Love you buckets

Have you read “Have you filled a bucket today?” If not, you must. Share it with your children and your spouses and your friends. It can be found in the kids’ section at Chapters, but it isn’t just for kids. A respected colleague shared it with me recently, and it’s a gem. The gist of the story is that everyone has an invisible bucket that carries their good feelings, and that we can fill each other’s buckets (and in doing so, fill our own) by being kind to others and treating them well. People who hurt others “dip” good feelings from their victim’s bucket, but they cannot fill their own buckets with “stolen” good feelings.

Nina and I read “bucket” last night, and I know that she lacks some of the sophistication required to fully grasp what the book is offering. But she was so interested. She asked lots of questions, and she was amazed at the idea that she has the power to influence the world around her. Even at the tender age of three, she wants to be a good girl and she looks to me for reassurance about her goodness. (She has been trying her hardest to fill my bucket with non-stop kisses and “I love you’s.”)

I worry that as Nina is exposed to more of the world, she will become cynical, and that she will stop believing that there is good in the world. And by extension, that there is no value in trying to be good considering all of the terrible things we see and hear daily. I have heard it said by far too many people, that it is better to be a real jerk than a fake nice person. Are those the only two choices anymore? Characters like House or Lucille Bluth or Frank Underwood are deliciously cruel, and fun to watch on TV. But they are not real people. It is possible to tell the truth, even a difficult truth, without being cruel. And it is possible to be nice without getting walked on. It takes patience….it is an art.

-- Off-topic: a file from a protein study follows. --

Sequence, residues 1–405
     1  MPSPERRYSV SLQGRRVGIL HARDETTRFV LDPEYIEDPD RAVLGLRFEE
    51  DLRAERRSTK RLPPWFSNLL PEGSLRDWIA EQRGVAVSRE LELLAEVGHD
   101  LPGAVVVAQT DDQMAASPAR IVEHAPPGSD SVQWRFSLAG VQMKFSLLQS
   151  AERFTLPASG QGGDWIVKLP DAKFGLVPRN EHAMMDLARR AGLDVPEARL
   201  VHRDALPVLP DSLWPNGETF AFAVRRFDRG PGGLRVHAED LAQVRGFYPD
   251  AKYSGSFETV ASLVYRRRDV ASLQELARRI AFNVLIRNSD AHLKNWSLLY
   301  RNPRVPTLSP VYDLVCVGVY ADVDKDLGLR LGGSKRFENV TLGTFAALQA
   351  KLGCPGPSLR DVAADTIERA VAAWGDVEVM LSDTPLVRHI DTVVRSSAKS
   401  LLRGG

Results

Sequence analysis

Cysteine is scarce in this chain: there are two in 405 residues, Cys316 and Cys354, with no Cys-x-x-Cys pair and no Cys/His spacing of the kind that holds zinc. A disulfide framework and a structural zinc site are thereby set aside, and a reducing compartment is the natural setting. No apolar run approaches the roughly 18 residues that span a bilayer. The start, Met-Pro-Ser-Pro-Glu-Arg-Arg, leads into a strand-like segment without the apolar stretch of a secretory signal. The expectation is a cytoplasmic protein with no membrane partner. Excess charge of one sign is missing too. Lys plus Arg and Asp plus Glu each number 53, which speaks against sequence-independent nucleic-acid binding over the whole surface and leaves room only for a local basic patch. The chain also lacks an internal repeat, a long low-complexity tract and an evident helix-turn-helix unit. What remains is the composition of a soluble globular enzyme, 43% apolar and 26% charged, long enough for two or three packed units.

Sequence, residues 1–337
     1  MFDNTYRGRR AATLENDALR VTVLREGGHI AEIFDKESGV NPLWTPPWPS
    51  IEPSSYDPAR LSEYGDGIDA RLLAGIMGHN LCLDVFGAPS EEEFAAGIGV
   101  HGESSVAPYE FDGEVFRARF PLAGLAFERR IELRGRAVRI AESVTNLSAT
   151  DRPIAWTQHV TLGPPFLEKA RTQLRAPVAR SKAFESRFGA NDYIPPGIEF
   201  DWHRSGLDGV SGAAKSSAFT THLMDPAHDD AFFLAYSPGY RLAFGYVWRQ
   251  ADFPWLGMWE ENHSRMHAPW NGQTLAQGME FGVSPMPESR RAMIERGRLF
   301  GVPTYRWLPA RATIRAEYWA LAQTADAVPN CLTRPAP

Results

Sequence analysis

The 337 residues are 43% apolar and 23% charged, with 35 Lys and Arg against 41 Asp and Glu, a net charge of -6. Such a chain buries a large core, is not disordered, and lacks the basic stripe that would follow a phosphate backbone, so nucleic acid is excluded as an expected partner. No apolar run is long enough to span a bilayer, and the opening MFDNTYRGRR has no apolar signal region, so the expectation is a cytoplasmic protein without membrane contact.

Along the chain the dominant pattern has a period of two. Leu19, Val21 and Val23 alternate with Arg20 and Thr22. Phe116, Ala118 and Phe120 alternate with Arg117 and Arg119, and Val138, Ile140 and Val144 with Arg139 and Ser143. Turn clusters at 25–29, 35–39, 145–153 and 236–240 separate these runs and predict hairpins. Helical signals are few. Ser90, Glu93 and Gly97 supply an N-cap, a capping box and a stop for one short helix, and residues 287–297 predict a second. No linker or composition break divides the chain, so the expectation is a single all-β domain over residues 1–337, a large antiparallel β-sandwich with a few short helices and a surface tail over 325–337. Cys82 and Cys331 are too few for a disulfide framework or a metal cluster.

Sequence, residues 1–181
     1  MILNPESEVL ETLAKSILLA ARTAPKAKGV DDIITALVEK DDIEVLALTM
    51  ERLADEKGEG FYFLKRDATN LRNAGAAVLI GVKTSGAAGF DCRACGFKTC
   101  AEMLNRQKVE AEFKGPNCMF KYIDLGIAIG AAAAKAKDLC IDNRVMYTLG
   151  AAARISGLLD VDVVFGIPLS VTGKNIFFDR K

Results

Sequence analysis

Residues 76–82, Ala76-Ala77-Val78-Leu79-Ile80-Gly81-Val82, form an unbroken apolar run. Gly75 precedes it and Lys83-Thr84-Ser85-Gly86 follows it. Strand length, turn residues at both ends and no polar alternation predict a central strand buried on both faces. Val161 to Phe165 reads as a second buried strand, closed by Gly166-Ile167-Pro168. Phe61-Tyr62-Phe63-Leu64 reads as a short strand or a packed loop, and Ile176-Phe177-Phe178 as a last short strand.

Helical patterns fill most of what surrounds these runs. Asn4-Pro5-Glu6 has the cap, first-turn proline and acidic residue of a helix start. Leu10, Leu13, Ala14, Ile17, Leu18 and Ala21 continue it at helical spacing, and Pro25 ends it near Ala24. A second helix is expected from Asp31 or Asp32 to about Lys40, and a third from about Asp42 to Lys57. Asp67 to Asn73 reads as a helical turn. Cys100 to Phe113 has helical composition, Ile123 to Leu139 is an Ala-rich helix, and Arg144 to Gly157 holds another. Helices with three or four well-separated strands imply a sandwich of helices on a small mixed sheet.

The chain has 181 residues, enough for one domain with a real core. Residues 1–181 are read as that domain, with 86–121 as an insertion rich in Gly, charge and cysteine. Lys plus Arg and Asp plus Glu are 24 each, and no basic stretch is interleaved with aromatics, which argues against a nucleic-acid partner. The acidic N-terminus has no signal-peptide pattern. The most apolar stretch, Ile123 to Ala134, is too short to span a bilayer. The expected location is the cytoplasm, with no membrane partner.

I was bullied as a child, and it was dehumanizing. As an adult, I have learned a lot about many of the people who bullied me as kids. Many of them were living their own struggles – broken homes, chronically unemployed or abusive or absent parents, poverty. Even as a target for merciless bullying, I wouldn’t have traded my circumstances for theirs. A rough life doesn’t excuse bullying, but if some of those issues had been rooted out by the grown-ups around us, maybe some of their victims could have been spared. I’m very curious about what kind of parents my bullies have turned out to be, and whether they even realize that they were bullies at all.